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3085Re: A retirement goal

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  • roofairbairn@btopenworld.com
    Sep 4, 2011
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      Hi
      this is my first post.
      My Florence Oakland, Marie Sophie, waas built in Bar creek Boatyard, Malpas Truro Cornwall UK, by Paul Gartside when he was at Truro School, at the same time as me.
      She was built between 1968 and 1971, of white seraya, carvel, on seam battens, with an english oak keel. Frames and transom are Keruing.The decks have delaminated and require replacing, all spars are intact and are Douglas fir.
      Apparrently she sails very well, despite the departure from the official construction.
      I intend to extend the cabin to aft of the main mast, reducing the size of the cockpit, and make it self draining.
      She is set up for a port wing engine ,and I shall fit a contemporary Petter AV2WM with 2:1 reduction, and corresponding ballast on the starboard side.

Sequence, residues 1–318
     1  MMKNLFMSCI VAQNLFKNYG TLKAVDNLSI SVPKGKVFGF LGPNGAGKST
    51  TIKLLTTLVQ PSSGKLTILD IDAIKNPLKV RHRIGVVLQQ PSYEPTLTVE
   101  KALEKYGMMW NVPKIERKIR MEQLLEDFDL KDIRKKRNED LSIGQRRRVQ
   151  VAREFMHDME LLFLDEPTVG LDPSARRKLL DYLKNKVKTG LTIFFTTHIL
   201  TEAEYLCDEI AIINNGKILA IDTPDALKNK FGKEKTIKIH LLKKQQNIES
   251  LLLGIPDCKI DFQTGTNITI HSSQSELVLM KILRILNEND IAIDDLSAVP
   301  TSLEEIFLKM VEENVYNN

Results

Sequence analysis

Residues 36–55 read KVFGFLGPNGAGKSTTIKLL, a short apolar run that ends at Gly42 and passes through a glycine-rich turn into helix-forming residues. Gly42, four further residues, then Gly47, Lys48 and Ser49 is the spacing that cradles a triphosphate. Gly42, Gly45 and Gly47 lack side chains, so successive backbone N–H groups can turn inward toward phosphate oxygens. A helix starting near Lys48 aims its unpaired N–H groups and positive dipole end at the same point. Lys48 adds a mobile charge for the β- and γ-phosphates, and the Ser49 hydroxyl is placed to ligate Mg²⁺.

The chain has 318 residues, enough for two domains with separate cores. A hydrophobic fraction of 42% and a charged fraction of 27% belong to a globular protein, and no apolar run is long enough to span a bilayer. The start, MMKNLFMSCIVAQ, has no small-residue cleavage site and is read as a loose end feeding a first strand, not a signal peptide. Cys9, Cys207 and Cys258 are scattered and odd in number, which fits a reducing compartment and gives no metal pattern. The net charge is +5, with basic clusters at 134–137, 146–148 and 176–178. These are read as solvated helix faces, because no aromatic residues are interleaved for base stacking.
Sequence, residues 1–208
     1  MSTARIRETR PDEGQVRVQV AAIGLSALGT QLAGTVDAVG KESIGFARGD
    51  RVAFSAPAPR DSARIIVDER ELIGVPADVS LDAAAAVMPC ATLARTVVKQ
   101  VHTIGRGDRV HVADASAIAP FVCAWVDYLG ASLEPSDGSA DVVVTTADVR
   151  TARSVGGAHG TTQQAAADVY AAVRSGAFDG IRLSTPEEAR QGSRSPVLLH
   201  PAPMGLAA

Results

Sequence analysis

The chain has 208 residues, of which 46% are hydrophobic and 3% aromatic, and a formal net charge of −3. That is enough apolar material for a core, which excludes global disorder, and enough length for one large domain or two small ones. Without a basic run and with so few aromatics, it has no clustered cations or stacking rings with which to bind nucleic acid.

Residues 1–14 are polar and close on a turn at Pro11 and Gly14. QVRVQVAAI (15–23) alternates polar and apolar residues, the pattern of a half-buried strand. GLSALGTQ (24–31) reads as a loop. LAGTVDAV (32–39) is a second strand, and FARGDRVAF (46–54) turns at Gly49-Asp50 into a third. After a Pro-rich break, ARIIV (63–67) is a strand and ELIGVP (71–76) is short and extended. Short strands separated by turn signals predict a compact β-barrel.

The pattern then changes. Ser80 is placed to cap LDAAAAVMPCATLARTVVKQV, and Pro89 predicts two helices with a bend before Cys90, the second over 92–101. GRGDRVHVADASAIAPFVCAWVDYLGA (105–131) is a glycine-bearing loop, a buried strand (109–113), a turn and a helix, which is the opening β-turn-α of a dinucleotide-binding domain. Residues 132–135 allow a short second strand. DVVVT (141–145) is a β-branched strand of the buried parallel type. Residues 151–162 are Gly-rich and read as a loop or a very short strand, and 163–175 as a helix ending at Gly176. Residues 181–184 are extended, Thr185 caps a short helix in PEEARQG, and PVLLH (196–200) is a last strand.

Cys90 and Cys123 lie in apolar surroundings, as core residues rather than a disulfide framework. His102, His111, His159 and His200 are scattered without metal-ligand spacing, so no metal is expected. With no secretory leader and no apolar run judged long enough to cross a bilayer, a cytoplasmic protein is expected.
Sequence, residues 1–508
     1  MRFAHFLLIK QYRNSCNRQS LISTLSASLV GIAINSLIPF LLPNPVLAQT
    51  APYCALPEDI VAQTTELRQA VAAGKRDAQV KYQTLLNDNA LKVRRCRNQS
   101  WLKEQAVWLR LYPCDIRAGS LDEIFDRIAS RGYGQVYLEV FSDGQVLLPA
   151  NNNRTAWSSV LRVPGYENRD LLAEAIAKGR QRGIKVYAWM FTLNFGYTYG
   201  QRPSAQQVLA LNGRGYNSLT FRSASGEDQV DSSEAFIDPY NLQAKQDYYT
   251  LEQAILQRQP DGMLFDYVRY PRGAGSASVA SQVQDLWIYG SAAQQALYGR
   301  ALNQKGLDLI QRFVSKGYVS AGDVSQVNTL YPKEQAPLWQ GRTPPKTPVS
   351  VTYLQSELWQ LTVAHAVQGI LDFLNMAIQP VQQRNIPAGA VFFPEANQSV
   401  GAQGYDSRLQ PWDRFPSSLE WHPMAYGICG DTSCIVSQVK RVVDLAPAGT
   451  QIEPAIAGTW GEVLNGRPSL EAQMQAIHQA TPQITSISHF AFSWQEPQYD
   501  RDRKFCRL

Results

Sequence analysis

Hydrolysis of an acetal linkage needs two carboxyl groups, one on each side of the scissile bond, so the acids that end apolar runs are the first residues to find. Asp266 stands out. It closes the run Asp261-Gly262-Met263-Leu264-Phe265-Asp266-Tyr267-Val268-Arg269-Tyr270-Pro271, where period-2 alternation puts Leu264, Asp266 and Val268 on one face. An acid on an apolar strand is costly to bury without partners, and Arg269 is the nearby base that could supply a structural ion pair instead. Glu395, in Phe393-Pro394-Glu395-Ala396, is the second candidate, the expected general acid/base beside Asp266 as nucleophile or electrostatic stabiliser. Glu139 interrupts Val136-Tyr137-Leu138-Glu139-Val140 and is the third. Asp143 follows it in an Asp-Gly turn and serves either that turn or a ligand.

The extra ballast, along with hollowed spars, should allow the use of topsails.
      If anybody knows of a Florence Oakland with tops, could they let me know (with photos} please
      If anyone would like photos- let me know
      All the best
      Robert
      --- In AtkinBoats@yahoogroups.com, <wmeparker@...> wrote:
      >
      > Hi All,
      > The amateur builder of my Florence Oakland took 5 years to build her, before and after retirement. One significant difference might be that he did traditional rigging, and made all the blocks and deadeyes himself, including rope strops and other marlinspike work. If you buy fittings, you could probably get it done in the five years even on a bigger boat. The real time consumption is in interior joinerwork.
      >
      > Best,
      > Bill
      > ---- pringni_konta@... wrote:
      > > Greetings. I am new to the group, having drooled over the Island Princess for more years than a care to admit. A few questions for the group: can this boat feasibly be built by an amateur (I've built several houses, but never a boat), and if so, is a five year plan reasonable? It is not one that is astericked for plywood construction, but the hard chine makes it look like it could be. Is it? And finally, how much space do I need. I am looking at a 40x24 building, 12 ' high. I guess a related question; anyone have one for sale? Thanks.
      >
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